Why are you looking to leave your current position?
Normally, this question is asked at the start of an interview to see how good you are at thinking on your feet.
Don’t be overly negative about your current employer and avoid listing all the things you would like to change in your current role. This will send alarm bells to the hiring manager.
Instead, keep it short and focus on the positives.
Answer: “I don’t find my current role challenging enough. I am looking for a new position where I can learn more and progress my career”.
What are your main responsibilities in your current role?
When hiring managers ask you this question, they want to see if what you wrote in your CV is true and you can back it up with examples.
Before your interview, go through your main responsibilities on your CV. Think of different examples you can use to prove to the hiring manager you do have the relevant skills and experience for the job.
Answer: List a few of your main responsibilities that match the job ad and use examples to show the hiring manager why you would be right for the position.
What do you know about our company?
To nail this question, you need to do your research as the employer wants to see what your preparation skills are like.
When you do your research, go through the company’s website. Use different sources to demonstrate to the employer you have taken your time to look at their company as you do want the job.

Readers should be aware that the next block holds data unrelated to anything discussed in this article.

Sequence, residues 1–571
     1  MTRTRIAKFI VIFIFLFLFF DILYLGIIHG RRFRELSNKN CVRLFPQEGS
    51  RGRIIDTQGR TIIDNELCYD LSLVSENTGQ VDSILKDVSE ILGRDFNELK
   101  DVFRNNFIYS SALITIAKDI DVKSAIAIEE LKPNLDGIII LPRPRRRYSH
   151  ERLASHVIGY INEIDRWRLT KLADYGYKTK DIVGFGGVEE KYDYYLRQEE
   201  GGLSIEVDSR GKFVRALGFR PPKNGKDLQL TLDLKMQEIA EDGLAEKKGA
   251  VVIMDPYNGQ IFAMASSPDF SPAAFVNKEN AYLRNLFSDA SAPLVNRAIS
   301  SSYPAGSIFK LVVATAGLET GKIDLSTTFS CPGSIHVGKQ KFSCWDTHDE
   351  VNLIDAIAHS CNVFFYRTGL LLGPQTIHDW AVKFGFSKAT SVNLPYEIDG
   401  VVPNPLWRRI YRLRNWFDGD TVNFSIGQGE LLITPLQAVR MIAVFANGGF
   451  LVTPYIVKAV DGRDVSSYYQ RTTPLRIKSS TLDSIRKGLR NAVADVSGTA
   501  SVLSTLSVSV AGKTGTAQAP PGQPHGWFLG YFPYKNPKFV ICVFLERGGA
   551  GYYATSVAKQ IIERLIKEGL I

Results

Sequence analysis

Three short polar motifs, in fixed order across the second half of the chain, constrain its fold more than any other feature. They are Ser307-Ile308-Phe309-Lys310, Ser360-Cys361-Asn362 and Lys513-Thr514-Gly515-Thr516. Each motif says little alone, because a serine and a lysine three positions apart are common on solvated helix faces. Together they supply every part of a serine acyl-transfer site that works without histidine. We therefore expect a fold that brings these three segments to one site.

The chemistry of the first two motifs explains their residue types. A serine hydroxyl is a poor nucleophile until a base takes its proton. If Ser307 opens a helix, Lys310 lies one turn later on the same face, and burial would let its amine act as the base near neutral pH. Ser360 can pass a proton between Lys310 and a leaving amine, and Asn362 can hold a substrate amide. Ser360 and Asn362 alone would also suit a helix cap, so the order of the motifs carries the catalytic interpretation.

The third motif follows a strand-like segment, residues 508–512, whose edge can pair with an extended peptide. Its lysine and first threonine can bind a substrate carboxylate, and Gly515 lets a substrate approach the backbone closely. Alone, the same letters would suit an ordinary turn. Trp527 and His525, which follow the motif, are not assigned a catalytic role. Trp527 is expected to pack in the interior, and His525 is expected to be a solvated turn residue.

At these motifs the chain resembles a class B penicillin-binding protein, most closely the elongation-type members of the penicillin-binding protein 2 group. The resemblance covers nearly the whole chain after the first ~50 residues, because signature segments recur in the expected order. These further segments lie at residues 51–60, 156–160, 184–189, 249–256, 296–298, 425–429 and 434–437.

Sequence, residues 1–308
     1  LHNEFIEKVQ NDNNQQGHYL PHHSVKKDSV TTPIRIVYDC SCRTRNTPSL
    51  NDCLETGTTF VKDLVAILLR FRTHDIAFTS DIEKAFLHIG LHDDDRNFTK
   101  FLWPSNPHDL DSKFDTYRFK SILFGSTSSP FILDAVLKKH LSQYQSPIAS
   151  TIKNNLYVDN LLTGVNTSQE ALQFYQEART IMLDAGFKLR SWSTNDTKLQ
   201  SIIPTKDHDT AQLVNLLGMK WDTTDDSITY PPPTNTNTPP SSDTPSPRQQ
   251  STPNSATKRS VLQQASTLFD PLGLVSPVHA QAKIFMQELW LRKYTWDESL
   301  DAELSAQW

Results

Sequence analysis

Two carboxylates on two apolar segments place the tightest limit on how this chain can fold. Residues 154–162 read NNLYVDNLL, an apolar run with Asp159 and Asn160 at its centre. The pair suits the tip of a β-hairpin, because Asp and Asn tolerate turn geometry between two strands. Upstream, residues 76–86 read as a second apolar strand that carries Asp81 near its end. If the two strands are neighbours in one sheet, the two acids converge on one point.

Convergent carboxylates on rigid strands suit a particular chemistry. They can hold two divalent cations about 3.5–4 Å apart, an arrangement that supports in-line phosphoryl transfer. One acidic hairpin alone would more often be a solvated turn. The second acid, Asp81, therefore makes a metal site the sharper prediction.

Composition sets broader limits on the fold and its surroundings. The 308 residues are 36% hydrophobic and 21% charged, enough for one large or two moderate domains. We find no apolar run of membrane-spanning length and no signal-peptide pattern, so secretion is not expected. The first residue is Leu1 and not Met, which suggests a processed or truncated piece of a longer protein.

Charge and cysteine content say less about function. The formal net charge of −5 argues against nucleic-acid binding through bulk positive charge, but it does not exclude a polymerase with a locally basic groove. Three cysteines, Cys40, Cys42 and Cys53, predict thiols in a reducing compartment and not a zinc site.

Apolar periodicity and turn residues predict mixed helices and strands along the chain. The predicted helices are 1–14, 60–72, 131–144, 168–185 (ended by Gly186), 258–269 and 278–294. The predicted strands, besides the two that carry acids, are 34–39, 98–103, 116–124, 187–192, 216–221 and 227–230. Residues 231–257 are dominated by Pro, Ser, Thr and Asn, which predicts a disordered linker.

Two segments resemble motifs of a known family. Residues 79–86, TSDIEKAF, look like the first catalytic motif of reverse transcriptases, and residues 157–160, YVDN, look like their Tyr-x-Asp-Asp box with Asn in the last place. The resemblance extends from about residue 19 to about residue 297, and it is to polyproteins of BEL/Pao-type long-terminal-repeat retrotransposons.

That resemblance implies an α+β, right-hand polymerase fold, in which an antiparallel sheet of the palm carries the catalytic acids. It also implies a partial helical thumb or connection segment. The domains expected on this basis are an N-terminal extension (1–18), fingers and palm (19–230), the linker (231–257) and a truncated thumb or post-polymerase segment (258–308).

Answer: A summary about the company, using any memorable dates such as when the company was founded. Include any examples of what you liked on their website and why you would like to join their organisation based on the research you have done.
What salary are you looking for?
This question can sometimes feel awkward. It is always best, to be honest, and give a realistic salary range for the role that you have applied for.
Answer: “I’m looking for a starting salary somewhere between £30,000 – £35,000”.
What are your greatest achievements?
A recruiter may ask you this question to see if you are telling the truth on your CV.
Make sure for each accomplishment you have listed on your CV you can back them up with examples.
Answer: Think of your most relevant achievements which relate to the role that you have applied for to emphasise your skills and experience. For example, if the job ad says they are looking for someone who can manage a team, think of a successful group project you were responsible for that achieved great results.
What are your goals for the future?
Hiring managers want to know that you have really thought about the role they have advertised, and you don’t just want the job as a stopgap.
Explain how the role would help you achieve your future goals.
Answer: Show your passion for the industry and how you would like to advance in the company.
Do you have any questions?
When the hiring manager asks you this question, never say no.
Asking questions will show the hiring manager that you are enthusiastic about the role and genuinely interested in the company.
Answer: Prepare some questions beforehand that you would like to ask. Remember an interview is not just for the recruiter to ask you questions but you should ask them questions to see if the job is the right fit for you too.